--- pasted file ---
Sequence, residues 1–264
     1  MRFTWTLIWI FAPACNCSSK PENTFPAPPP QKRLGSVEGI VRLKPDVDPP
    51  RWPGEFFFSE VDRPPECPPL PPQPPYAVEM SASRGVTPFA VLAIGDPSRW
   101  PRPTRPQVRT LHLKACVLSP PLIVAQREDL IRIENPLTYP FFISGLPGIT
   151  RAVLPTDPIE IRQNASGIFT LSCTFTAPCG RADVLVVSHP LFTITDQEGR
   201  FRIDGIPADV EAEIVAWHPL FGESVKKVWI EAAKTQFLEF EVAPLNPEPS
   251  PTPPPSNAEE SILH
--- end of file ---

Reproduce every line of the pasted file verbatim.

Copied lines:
Sequence, residues 1–264
     1  MRFTWTLIWI FAPACNCSSK PENTFPAPPP QKRLGSVEGI VRLKPDVDPP
    51  RWPGEFFFSE VDRPPECPPL PPQPPYAVEM SASRGVTPFA VLAIGDPSRW
   101  PRPTRPQVRT LHLKACVLSP PLIVAQREDL IRIENPLTYP FFISGLPGIT
   151  RAVLPTDPIE IRQNASGIFT LSCTFTAPCG RADVLVVSHP LFTITDQEGR
   201  FRIDGIPADV EAEIVAWHPL FGESVKKVWI EAAKTQFLEF EVAPLNPEPS
   251  PTPPPSNAEE SILH